Learning about Parasail: a new parallel programming language
I noticed an announcement for a talk to be given at CMU for the ISR by visitor Tucker Taft, “ParaSail: A Pointer-Free Path to Object-Oriented Parallel Programming”, and decided to attend.
I’d recognized Tucker Taft’s name because decades ago (and now still), he was a very prominent member of the Ada programming language community, being one of the primary designers of the extensions to the original Ada 83. I never actually used Ada 95, but was following it a little bit because in 1995 I had to maintain some Ada 83 code at work, so I was curious where Ada was going. (I haven’t used Ada since leaving that job in 1997.)
So I was curious what an Ada guy had in mind as for one of the next steps in programming language design (parallelism), and why a new language and how it would be informed by an Ada mindset.
Parasail, and why a new language anyway?
The new language Taft has been working on is called Parasail and its Web site is really a blog.
Why a new language, and not, say, libraries and idioms to bolt onto an existing language? Because to make parallelism “easy” to program, and correctly, language support is the way to go, leveraging types and compiler knowledge to help programmers.
This is not a new thought, of course. Parallel languages have been designed and implemented for decades. But none can be said to have truly caught on universally in practice. For example, as a graduate student in the late 1990s, I learned and used Guy Blelloch’s NESL, based on the functional language Standard ML, and I briefly participated in exploring bringing the ideas from NESL back into ML itself, as part of the PSciCo project.
Data Parallel Haskell is another example of an attempt at a very high level parallel programming language.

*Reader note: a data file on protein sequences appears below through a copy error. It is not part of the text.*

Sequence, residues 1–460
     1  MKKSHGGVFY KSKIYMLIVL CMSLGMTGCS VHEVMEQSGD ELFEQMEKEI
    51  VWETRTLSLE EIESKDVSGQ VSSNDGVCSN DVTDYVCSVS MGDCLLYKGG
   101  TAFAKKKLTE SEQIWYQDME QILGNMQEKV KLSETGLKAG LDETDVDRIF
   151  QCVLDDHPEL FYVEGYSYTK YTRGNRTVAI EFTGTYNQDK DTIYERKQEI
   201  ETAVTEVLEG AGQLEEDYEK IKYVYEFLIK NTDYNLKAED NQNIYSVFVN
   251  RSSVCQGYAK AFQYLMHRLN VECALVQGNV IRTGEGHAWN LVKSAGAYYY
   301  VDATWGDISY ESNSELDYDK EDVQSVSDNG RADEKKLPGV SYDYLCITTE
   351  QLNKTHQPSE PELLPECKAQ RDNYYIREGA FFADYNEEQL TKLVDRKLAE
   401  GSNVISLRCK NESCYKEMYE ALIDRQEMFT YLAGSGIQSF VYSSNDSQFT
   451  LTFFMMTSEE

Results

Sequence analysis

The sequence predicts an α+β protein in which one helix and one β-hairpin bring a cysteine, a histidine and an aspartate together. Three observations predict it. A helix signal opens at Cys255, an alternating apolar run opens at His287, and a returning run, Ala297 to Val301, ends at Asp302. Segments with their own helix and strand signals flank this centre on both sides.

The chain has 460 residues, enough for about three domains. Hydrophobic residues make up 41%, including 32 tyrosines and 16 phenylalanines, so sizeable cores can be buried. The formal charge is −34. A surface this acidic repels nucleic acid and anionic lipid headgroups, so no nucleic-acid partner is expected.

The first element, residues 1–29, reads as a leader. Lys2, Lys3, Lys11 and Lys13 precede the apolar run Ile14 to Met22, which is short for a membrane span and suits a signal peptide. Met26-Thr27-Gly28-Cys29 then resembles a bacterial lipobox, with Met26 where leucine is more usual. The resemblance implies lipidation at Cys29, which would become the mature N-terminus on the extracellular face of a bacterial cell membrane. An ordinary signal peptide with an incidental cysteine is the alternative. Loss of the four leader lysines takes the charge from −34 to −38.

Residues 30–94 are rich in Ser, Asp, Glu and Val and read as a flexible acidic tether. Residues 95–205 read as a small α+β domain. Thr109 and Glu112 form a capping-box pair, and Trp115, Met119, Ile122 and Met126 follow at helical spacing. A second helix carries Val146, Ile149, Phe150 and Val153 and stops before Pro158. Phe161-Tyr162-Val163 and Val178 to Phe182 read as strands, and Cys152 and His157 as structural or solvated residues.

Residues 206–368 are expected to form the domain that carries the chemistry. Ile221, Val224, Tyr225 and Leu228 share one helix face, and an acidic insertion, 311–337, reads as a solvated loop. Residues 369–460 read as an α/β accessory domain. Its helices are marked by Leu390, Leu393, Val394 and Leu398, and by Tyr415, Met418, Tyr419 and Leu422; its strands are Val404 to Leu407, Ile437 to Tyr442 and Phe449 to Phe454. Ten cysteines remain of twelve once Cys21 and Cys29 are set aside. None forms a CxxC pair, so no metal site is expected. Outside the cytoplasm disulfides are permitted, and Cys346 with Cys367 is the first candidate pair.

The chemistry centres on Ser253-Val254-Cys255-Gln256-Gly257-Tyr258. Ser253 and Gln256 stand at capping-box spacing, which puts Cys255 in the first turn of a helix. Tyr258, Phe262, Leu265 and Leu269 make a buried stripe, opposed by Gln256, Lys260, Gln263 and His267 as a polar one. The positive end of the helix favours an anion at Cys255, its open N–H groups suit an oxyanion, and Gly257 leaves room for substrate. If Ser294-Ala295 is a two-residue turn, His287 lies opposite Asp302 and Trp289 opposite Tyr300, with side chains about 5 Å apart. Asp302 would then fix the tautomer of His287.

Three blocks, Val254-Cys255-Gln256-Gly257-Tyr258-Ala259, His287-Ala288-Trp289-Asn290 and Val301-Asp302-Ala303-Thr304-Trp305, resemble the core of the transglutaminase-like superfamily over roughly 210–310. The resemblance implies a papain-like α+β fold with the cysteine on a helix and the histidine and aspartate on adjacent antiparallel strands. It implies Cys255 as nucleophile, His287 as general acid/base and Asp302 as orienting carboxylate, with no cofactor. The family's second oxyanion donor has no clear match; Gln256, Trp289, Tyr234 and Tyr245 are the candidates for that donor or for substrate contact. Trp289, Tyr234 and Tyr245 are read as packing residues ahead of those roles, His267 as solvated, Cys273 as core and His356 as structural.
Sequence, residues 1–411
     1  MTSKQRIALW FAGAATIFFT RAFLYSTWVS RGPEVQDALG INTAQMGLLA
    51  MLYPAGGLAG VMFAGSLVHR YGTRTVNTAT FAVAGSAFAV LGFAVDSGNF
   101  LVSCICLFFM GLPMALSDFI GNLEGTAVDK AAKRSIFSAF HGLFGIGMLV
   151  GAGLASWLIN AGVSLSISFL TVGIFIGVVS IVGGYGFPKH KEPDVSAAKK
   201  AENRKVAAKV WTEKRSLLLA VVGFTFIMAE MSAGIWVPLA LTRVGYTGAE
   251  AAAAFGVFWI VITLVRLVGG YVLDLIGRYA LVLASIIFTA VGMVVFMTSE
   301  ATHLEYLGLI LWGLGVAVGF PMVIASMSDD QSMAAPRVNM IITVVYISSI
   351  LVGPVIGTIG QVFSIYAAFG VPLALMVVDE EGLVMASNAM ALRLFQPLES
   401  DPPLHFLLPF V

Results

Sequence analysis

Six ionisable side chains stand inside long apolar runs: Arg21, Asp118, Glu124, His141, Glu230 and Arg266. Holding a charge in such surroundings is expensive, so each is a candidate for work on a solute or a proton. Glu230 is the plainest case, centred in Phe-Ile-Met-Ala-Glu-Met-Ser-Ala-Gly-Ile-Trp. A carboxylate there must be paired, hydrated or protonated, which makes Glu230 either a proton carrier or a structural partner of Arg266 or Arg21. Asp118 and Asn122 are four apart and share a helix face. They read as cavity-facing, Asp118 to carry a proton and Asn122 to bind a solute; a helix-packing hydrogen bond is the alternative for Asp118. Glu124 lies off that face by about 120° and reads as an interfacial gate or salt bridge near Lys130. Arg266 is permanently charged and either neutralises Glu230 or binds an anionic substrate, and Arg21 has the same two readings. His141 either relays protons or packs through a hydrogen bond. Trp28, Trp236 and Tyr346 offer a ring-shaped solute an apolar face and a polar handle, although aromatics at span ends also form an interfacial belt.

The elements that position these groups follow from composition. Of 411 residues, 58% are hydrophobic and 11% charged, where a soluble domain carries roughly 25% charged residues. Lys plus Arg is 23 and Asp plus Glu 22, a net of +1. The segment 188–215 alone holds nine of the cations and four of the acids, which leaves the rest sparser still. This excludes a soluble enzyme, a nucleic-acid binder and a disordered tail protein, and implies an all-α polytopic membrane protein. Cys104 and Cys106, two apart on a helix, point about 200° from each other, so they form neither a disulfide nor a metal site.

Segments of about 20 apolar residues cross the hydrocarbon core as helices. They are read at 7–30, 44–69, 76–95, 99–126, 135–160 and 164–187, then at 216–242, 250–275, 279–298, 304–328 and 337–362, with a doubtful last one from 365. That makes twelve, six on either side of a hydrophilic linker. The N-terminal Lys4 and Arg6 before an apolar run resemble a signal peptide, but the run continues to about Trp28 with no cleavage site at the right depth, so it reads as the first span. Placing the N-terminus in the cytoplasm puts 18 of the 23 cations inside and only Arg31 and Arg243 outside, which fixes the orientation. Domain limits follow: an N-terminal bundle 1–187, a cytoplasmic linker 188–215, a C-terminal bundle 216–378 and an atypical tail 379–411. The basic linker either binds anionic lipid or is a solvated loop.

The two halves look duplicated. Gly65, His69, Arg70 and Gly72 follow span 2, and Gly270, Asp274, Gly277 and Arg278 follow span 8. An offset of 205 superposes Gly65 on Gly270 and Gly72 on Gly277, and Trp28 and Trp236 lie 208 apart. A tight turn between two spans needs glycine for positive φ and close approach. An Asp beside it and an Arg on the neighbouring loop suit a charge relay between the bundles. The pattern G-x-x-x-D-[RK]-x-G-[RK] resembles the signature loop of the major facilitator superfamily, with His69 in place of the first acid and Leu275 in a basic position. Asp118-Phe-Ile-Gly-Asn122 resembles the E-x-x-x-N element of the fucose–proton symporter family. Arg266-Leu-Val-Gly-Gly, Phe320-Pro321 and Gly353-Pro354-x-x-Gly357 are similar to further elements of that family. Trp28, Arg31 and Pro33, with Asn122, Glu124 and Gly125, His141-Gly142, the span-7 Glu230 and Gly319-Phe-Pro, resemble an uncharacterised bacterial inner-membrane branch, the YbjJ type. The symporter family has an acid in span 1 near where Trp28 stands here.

But these languages all come from the functional programming world.
Apparently the goal of Parasail is to not force programmers to go all out into functional programming. For both style and efficiency, it may be desirable to program imperatively, with mutation. So how does Parasail try to cope with all the potential problems caused by mutation?
Parasail bans pointers, hiding them from the programmer by using types. In particular, assignment is by copy, but move and swap semantics are used underneath.
Furthermore, garbage collection is avoided through region-based memory management. This is an old idea, of course: I remember experimenting with using MLKit from the 1990s by Tofte and Talpin when it was hot off the press.
Taft gave some code examples to illustrate paralellization in Parasail. For example, quicksort is important because of its use of mutation.
return is intentionally a sync point that introduces nondeterminism. Also, underneath, work stealing is used to handle the threads used underneath.
It was interesting to see new work on parallel programming languages. Check out Parasail’s Web site if you’re interested in learning more.comments powered by Disqus